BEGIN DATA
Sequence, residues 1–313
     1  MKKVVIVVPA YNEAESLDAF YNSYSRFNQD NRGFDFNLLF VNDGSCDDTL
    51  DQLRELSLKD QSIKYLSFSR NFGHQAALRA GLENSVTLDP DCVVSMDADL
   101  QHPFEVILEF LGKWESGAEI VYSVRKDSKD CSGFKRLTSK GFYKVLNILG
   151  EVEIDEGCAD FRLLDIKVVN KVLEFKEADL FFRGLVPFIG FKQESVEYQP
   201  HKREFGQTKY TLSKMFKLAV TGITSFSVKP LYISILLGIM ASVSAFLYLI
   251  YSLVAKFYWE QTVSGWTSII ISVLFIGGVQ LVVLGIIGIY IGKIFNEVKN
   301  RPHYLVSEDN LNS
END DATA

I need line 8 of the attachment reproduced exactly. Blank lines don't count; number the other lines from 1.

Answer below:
   301  RPHYLVSEDN LNS